Tag Archives: 1988

Sega Megadrive/Genesis Special

Known as the Megadrive in Japan and Europe, and the Genesis in North America, this was Sega‘s fourth generation home video games console and it was launched in 1988 in Japan (1989 in North America and 1990 in Europe).

The Megadrive/Genesis is a 16-bit console with a built-in slot for cartridges, which is how most games were played on it. It had backwards compatibility with its predecessor, the Sega Master System, and it also had a variety of important add-ons released for it, including the Sega CD and the 32X.

The unit came with two standard, three-button pads, then later (after Street Fighter II came out on the Megadrive) six button pads (like the one picture below) became more widespread.

The Megadrive sold more than 30 millions units worldwide, until it was discontinued by Sega in 1997 (although it was still being sold and supported by Majesco Entertainment until 1999).

Sega‘s console has a huge library of superb games and many are still being re-released to this day. So here’s our tribute to Sega‘s classic machine with a week of nothing but Megadrive games.

I’ll post a full list of what was published here, once it’s over.

Enjoy,
The King of Grabs

More: Megadrive/Genesis on Wikipedia

Megadrive Pad 2

Mega Drive Wide

Sega Genesis Wide

Ghostbusters, NES

The Nintendo Entertainment System version of David Crane‘s Ghostbusters is known for being a bit of a mess, compared to all the other versions.

It was initially released in Japan in 1986 and later in North America in 1988. Why the two year delay? Probably something to do with the fact that the game is terrible…

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Herzog, MSX

This obscure Japanese action game is a prototype of one of the first ever real-time strategy games – Herzog Zwei on the Sega Megadrive – and it is also one of the best games you can play on an MSX.

Herzog was developed and published on disk for the MSX2 by Techno Soft (nee, Tecno Soft) in 1988.

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Crazy Climber 2, Arcade

The 1988 sequel to Crazy Climber, Crazy Climber 2 is much the same as before. That is: scaling up the side of large buildings; avoiding hazards as you do so.

And, like the first game, it was developed by Nihon Bussan Co. Ltd. and manufactured by Nichibutsu.

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Altered Beast, Arcade

Altered Beast is an influential Sega beat ’em up first released into arcades in 1988. In some respects it was the predecessor to Golden Axe and Alien Storm; both similar games, and both to come later from Sega.

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Narc, Arcade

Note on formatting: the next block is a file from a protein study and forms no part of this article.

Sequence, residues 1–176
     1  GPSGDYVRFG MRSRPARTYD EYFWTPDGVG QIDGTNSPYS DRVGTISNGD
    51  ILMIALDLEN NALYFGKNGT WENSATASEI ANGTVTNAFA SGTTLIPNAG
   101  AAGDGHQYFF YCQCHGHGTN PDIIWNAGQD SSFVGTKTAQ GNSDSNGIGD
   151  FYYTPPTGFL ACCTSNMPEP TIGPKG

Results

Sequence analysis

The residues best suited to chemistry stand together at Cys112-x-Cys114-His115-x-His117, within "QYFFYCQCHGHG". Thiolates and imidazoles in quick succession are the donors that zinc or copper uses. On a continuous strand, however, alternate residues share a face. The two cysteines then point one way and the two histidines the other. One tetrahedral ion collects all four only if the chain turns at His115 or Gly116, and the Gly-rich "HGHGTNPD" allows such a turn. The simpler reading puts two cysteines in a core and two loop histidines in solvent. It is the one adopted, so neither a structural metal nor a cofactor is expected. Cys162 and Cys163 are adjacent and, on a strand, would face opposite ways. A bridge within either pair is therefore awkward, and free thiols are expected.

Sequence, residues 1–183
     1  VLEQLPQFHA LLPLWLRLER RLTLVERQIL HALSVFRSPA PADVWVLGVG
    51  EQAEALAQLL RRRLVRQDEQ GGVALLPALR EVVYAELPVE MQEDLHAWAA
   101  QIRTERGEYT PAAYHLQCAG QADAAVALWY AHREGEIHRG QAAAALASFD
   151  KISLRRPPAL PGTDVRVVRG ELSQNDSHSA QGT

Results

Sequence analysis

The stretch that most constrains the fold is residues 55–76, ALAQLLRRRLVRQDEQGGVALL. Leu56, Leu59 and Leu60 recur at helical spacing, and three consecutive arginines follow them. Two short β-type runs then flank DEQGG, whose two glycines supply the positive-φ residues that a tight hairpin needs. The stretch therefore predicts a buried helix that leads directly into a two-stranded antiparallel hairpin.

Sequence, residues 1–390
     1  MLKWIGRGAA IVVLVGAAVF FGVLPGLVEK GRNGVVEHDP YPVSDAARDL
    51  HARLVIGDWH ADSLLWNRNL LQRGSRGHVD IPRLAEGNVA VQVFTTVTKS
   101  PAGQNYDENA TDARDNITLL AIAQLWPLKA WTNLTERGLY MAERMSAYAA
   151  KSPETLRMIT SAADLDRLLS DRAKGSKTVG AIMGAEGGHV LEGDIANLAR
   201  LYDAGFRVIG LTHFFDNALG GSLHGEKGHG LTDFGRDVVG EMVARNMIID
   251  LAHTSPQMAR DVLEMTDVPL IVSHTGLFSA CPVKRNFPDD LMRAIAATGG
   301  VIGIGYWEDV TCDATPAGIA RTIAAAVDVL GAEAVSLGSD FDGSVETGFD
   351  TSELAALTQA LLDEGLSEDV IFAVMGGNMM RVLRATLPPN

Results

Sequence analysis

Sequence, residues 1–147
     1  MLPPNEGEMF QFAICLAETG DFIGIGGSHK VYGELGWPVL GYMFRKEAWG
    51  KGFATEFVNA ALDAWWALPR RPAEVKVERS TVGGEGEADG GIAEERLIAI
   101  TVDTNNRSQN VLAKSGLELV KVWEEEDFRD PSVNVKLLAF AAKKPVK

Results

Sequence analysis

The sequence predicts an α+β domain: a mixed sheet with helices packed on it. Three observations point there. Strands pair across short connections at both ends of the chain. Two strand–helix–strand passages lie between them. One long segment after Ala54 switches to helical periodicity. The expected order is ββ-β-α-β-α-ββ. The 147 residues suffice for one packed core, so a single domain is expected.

Created by Williams Electronics in 1988, Narc is a side-scrolling run-and-gun shooter that attracted a lot of controversy when it first came out.

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Atomic Robo-Kid, Arcade

Atomic Robo-Kid is a horizontally-scrolling, progressive weapons shooter, designed by Tsutomu Fujisawa and manufactured by UPL in 1988.

It’s not a very well-known arcade game, but does have its fans. It also managed to get converted to a number of home systems too (including for the Sega Megadrive, but it never appeared on the SNES).

Continue reading Atomic Robo-Kid, Arcade

Rex, ZX Spectrum

Rex is a very enjoyable platform shooter, created by Neil Harris, John Anderson, and Richard Allen and published by Martech in 1988. Some describe it as a ‘Metroidvania‘ type game, although it reminds me more of another Spectrum classic – Starquake. Or maybe a Monty Mole game, crossed with Cybernoid.

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The Last Ninja 2, Commodore 64

The sequel to the classic The Last Ninja was first released by System 3 in 1988 – one year after the original game.

It was designed by the same team as made the first game, except this time they had on board the highly-respected John Twiddy as writer/coder, and Matt Gray doing music.

Graphically, The Last Ninja 2 is arguably better than its predecessor, with more colour and variety in the environments, and some of the gameplay niggles from the first game have thankfully been addressed too. In particular: it is now easier to pick things up!

Continue reading The Last Ninja 2, Commodore 64

Total Eclipse, ZX Spectrum

The ZX Spectrum version of Total Eclipse was the first version of the game released.

Using the legendary Freescape Engine, Total Eclipse is an Egyptian-themed exploration/puzzle game set in a primitive 3D world. Primitive because it was one of the first ever games to allow games-players to explore a 3D world in this way, and it worked quite well, in spite of the low frame rate and slowdown.

Continue reading Total Eclipse, ZX Spectrum